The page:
Ongwen who made submissions at The Hague based court on Thursday during a mitigation session of his case noted that for 27 years since his abduction as a child by the LRA rebels, he lived in prison in captivity.
Their fears have been compounded by stringent directives by the government that have since seen a ban on public transport, monthly markets, bars, and shops selling non-food items among others. These were some of the measures taken by the government to control the spread of the disease which has so far killed 42,361 people across the world. At least 44 people have so far tested positive for the deadly disease in Uganda.
The two reportedly collected between 40,000 and 100,000 Shillings from their victims as transport and registration fees to help them benefit from a resettlement package in which each of them was expected to receive at least 2.5 million Shillings to help them engage in gainful livelihoods and facilitate their reintegration within their respective communities.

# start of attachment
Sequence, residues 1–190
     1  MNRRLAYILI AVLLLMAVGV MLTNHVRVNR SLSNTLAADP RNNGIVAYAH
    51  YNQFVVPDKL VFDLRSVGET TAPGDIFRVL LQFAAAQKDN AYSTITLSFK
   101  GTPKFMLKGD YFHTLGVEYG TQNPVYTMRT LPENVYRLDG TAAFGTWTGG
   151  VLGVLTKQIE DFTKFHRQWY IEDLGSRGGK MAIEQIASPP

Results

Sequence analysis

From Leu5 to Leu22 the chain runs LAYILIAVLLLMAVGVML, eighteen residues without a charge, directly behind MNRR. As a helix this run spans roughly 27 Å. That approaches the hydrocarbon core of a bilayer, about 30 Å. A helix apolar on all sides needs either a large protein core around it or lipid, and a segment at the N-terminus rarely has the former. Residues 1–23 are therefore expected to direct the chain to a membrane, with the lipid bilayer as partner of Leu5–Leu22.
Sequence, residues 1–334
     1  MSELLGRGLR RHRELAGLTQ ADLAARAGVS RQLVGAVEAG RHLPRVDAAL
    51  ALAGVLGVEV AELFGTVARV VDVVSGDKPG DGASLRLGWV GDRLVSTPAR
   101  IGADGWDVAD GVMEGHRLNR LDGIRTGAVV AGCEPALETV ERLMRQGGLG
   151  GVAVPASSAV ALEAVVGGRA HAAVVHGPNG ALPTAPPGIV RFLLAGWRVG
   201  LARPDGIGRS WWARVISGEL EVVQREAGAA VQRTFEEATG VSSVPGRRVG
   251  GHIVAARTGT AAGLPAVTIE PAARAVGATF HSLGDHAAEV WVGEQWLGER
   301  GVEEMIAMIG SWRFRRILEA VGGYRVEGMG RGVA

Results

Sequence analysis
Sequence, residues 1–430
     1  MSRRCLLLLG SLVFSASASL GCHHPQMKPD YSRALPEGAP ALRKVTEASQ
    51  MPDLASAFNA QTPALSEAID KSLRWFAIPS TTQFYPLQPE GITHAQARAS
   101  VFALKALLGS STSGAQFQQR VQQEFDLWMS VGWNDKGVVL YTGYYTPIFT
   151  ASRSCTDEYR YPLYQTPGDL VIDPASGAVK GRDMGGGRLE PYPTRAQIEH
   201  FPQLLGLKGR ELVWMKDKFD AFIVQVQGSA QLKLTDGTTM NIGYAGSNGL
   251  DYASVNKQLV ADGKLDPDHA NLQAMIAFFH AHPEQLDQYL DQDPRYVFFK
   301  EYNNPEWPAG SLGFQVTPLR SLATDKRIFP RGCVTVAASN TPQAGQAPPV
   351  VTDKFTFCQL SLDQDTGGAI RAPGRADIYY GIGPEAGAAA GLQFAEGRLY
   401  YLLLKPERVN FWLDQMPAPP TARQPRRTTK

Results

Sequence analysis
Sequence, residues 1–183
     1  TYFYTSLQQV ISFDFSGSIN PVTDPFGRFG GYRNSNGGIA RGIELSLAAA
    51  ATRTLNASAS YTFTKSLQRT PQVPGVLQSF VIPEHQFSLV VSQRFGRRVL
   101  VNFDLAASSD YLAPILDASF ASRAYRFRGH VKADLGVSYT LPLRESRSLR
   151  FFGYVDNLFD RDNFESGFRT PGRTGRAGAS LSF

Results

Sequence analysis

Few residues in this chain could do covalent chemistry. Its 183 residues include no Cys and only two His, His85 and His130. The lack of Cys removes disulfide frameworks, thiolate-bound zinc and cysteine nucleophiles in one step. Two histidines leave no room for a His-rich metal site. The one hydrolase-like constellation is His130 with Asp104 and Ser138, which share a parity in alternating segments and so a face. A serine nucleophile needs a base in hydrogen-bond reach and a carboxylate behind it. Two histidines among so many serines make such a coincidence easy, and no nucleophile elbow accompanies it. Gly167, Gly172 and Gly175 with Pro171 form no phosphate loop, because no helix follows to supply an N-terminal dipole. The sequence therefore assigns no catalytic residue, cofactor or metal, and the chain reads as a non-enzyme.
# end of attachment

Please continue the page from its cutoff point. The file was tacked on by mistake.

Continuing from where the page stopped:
“The Commission provided reintegration assistance to 338 reporters who were waiting for reinsertion support in communities. Six of them from DRC, 40 from Kiryandongo, 112 from Gulu, 29 from Kasese, 126 from Kitgum and 25 from the Central region” the report states in part.
Florence Akello, an Assistant Director of Public Prosecutions told the panel of judges of the International Crimes Division of the High Court (ICD) that the directorate will adduce the necessary incriminating evidence to convict Kwoyelo of the serious offences.